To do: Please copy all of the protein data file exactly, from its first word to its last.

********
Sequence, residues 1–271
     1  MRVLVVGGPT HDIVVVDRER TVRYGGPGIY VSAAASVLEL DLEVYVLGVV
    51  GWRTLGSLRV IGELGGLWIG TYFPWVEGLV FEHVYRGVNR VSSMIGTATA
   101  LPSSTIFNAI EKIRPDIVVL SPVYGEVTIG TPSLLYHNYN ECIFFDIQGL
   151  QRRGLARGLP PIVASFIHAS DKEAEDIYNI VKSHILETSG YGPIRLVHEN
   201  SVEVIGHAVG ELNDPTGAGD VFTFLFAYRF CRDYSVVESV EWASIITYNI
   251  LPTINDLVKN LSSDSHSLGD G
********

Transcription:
Sequence, residues 1–271
     1  MRVLVVGGPT HDIVVVDRER TVRYGGPGIY VSAAASVLEL DLEVYVLGVV
    51  GWRTLGSLRV IGELGGLWIG TYFPWVEGLV FEHVYRGVNR VSSMIGTATA
   101  LPSSTIFNAI EKIRPDIVVL SPVYGEVTIG TPSLLYHNYN ECIFFDIQGL
   151  QRRGLARGLP PIVASFIHAS DKEAEDIYNI VKSHILETSG YGPIRLVHEN
   201  SVEVIGHAVG ELNDPTGAGD VFTFLFAYRF CRDYSVVESV EWASIITYNI
   251  LPTINDLVKN LSSDSHSLGD G